One of them was Andrey Volkonsky (1933–2008), a young Moscow composer who belonged to a celebrated princely lineage (immortalized by Tolstoy in War and Peace) and was born in Geneva while his family was in exile from the Soviet Union. From 1945 to 1947 Volkonsky lived in Paris, where he studied piano with the Romanian-born virtuoso Dinu Lipatti. He was long reputed to have been one of Nadia Boulanger's many pupils in composition, but it seems he made the claim only to pad his résumé when applying to the Moscow Conservatory after his family's repatriation in 1947. At the Conservatory he became the pupil of the senior Soviet composer Yuri Shaporin (1887–1966). His early compositions met with success, particularly a Concerto for Orchestra, written under Shaporin's direction, which was performed in 1953, the last Stalinist year. That same year, however, a fellow student denounced Volkonsky for having scores by Schoenberg and Stravinsky in his possession, and he was expelled from the Conservatory on the pretext that he had missed the beginning of classes owing to the birth of his first child.
Enjoying the protection of Shaporin (and, it was widely assumed, of Shostakovich), Volkonsky retained his membership in the Union of Soviet Composers; his exclusion from the Conservatory only confirmed his unorthodox stance. In 1956, having connected with Gershkovich, Volkonsky produced Musica stricta, the first twelve-tone composition by a Soviet citizen. The irony of such a title for a work that became emblematic of creative freedom was only a facet of a more general cold-war irony: musical behavior that in the West would have been regarded as the height of conformity meant just the opposite within the Soviet sphere of influence. At a time when Soviet writers and visual artists on the cutting edge were beginning to explore social and political themes that had been taboo as subjects for treatment while Stalin was alive, their musical counterparts were withdrawing as far as possible from social commitment. Formalism was for musicians the most effective way of displaying nonconformism.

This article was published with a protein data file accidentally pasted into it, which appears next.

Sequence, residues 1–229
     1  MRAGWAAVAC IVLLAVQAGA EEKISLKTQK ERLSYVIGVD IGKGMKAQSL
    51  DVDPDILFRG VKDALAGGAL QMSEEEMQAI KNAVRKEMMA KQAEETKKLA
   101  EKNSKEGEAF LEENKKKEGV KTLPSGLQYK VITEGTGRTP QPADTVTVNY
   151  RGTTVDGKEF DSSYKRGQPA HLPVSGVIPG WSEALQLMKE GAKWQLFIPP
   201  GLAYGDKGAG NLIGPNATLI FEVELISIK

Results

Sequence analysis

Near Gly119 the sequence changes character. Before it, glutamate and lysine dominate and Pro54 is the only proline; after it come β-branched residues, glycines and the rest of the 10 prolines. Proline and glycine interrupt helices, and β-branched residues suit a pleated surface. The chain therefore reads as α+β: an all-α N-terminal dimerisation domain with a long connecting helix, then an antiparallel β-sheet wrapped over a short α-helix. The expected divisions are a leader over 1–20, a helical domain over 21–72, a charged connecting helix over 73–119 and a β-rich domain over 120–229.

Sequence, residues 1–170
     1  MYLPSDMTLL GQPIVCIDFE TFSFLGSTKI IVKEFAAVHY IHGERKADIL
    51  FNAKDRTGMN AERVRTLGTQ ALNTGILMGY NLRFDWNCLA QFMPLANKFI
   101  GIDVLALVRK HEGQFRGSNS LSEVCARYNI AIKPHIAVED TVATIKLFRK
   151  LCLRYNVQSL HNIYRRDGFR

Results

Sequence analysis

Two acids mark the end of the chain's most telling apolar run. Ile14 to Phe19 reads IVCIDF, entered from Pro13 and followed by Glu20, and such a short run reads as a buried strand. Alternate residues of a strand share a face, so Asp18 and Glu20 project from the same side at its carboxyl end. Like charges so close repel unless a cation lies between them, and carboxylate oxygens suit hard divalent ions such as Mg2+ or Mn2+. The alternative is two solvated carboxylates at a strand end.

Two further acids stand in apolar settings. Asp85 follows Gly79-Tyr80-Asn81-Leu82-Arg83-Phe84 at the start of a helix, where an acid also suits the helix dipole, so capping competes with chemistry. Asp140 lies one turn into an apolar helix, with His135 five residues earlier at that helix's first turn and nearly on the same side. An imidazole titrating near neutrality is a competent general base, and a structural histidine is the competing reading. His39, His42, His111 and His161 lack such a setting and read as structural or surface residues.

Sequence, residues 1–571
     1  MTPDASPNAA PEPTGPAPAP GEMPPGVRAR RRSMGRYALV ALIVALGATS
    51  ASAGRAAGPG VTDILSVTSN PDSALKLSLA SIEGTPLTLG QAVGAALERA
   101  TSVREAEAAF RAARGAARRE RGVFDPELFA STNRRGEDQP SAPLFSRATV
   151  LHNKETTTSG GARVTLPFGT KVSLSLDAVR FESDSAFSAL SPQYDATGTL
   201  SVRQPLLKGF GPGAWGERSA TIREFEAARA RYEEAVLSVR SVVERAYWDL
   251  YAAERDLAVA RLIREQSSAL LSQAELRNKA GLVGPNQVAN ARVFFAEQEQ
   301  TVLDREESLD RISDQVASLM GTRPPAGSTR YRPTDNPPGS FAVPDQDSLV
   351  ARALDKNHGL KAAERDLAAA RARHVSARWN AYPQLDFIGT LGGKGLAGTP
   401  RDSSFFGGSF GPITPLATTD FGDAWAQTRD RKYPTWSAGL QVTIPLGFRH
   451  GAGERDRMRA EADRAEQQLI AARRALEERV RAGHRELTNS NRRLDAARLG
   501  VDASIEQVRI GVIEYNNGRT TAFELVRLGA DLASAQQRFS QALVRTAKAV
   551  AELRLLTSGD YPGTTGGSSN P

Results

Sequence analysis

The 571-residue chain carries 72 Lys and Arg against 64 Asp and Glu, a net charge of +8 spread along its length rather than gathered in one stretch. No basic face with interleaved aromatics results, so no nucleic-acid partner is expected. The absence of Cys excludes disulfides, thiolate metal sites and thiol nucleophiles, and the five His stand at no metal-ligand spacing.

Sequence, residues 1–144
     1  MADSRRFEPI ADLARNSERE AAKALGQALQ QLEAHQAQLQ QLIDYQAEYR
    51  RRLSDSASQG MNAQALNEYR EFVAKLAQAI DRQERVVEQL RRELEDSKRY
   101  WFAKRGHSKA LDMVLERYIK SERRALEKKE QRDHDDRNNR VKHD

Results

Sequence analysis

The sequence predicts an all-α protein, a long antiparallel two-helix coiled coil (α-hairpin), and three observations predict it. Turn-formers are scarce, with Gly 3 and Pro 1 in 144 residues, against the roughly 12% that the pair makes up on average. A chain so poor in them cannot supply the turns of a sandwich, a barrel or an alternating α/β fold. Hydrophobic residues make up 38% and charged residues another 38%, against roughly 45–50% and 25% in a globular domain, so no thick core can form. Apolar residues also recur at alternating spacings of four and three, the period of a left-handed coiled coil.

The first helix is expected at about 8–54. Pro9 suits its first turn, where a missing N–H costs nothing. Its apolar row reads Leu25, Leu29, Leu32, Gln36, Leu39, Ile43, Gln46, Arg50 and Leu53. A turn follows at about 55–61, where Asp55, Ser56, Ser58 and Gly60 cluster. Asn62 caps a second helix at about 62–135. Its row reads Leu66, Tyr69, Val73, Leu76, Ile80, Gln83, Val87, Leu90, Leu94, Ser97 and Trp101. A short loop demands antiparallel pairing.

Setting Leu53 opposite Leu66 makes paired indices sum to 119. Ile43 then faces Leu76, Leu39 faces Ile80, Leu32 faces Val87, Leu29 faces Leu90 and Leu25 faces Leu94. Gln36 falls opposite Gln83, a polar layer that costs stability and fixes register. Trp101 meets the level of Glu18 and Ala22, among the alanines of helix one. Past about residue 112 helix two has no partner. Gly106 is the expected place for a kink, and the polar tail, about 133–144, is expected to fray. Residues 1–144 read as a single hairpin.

A piano suite in four movements, Musica stricta is cast in an idiosyncratic twelve-tone idiom that is actually not at all strict. It is by no means confined in its pitch materials to twelve-tone rows, and when twelve-tone rows are used, they are varied in ways that are unrelated to Schoenbergian or Webernian procedures. “I didn't really understand the techniques very well,” the composer admitted to an interviewer in 1999, “but I understood the principle.”
I did some things incorrectly, but it's good that I didn't do everything correctly. There are octaves, which Schoenberg forbade, and also triads, which Schoenberg also forbade. But I simply didn't know about that. I thought I had written a twelve-tone composition, and it's true that those techniques can be found in places. And because of that I named the piece Musica Stricta, because of the strict techniques, although I unwittingly used them entirely according to my own manner.80